My answer is actually a response or comment to Andrei Volkov's highly illuminating answer; which reflects my interpretation and application of Andrei's answer.
When dependent origination ends forever (SN 12.2) or craving ends forever (SN 56.11), without ever arising again, it is called "asesa-virāga-nirodhā".
So in DN 11, the guy asks: "where do the four elements aparisesā nirujjhanti". Here, "aparisesā" might mean "totally not remaining" (an + pari + sesa = completely not remaining) ????.
The Buddha replies this is a wrong question. The Buddha then replies in luminous consciousness, the worldly discriminations are subjected to asesaṃ uparujjhatī.
While "asesam" appears to mean "nothing left over", "uparujjhati" does not have the same meaning as "nirodha" or "nirujjhanti" because it is only in luminous consciousness that these discriminations completely cease.
In other words, even in ignorance-free craving-free enlightened ordinary consciousness, such as a Buddha or Arahant in a conventional mode (such as the Buddha telling a monk to do walking meditation over the "length of 30 short steps" or to know "long breathing" & "short breathing"), these discriminations (of long, short, fine, coarse, beautiful, ugly, naming a form) can return.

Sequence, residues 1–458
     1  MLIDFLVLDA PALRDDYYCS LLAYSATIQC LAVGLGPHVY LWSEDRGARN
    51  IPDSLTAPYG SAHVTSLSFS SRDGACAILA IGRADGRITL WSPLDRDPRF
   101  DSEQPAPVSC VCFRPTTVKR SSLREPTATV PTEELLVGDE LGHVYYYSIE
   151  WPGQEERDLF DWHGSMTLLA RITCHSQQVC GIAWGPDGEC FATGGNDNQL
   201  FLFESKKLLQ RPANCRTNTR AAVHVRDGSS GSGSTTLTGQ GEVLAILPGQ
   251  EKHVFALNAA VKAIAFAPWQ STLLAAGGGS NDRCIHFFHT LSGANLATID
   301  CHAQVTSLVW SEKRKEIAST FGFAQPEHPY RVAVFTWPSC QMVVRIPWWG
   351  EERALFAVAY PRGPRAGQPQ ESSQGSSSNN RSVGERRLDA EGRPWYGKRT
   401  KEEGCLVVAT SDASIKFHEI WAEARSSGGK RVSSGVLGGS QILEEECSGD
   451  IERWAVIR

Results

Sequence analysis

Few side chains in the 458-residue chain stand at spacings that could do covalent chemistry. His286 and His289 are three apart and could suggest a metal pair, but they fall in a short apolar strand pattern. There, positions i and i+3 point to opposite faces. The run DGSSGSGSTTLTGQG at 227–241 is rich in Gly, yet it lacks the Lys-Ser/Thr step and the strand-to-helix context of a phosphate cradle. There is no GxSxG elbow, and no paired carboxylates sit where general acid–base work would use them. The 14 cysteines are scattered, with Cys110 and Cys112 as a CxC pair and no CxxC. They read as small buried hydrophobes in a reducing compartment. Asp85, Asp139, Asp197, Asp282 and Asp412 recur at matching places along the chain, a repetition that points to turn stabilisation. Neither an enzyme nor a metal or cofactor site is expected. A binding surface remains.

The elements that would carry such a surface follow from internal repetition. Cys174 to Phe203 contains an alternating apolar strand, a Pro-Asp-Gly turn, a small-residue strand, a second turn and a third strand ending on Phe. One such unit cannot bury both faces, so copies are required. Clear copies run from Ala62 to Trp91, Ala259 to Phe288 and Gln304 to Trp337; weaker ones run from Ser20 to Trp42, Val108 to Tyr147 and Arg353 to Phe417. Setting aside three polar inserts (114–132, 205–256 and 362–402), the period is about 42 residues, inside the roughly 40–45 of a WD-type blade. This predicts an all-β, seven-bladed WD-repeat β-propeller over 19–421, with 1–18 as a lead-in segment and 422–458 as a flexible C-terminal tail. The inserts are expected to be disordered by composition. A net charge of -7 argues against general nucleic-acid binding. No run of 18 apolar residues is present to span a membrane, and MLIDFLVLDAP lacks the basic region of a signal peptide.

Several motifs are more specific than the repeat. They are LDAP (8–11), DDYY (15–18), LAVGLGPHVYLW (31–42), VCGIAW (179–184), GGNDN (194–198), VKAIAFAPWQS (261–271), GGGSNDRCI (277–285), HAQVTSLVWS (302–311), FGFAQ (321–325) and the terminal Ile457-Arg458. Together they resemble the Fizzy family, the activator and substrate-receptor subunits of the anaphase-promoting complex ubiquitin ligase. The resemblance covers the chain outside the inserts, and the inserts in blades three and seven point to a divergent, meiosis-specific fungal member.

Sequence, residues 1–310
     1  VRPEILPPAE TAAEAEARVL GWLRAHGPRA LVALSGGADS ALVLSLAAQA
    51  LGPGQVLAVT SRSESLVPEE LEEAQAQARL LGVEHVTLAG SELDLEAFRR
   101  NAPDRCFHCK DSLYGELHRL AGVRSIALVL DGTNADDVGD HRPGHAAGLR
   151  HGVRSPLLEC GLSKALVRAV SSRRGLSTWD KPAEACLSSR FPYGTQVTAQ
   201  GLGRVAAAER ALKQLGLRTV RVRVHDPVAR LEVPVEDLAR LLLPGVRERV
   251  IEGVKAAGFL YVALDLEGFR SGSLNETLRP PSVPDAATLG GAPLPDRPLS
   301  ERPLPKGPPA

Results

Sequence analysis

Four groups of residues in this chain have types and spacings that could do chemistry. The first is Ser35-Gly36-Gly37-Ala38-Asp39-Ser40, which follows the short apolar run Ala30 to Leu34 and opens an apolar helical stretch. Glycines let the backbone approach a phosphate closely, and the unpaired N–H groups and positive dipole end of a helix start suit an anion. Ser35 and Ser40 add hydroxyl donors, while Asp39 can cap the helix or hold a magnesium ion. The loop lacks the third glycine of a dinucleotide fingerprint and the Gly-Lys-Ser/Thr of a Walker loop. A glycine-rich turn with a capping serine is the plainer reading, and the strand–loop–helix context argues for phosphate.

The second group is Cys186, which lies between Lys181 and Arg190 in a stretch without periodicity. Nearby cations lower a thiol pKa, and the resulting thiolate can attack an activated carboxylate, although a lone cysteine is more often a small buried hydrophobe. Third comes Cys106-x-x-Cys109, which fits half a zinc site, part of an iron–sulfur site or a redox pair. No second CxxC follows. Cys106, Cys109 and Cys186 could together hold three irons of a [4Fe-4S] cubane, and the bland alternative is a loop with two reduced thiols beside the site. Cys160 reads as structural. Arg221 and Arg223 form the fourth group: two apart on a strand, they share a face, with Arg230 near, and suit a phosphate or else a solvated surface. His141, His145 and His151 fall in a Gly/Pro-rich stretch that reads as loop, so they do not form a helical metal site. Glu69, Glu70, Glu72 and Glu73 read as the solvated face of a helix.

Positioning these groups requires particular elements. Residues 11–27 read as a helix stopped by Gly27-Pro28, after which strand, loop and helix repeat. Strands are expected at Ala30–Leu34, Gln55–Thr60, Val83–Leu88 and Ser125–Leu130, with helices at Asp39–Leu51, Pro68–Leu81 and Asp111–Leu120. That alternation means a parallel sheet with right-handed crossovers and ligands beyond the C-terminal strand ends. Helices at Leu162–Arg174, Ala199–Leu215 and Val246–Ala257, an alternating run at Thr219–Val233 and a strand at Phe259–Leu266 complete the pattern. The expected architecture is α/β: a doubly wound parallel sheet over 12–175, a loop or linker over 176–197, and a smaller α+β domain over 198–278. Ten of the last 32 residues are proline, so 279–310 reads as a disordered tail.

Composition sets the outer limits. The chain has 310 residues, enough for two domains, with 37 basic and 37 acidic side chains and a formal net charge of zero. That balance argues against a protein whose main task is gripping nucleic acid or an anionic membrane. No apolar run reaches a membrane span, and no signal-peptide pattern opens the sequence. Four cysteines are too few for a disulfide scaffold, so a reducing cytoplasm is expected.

Thus these discriminations are "uparujjhati" because, unlike the cessation of ignorance for an Arahant, these conventional discriminations can return.
In other words, similar to the prefix "upa" in "upapajjati", the cessation of the discriminations is an "offshoot" of or "rests" upon the luminous consciousness (rather than is an outcome of the permanent or remainderless cessation of ignorance, which is "nirodha" or "nirujjhanti").
Thus, as Bhikkhu Sujato said: Nibbana is not viññāṇa. Really, it just isn’t.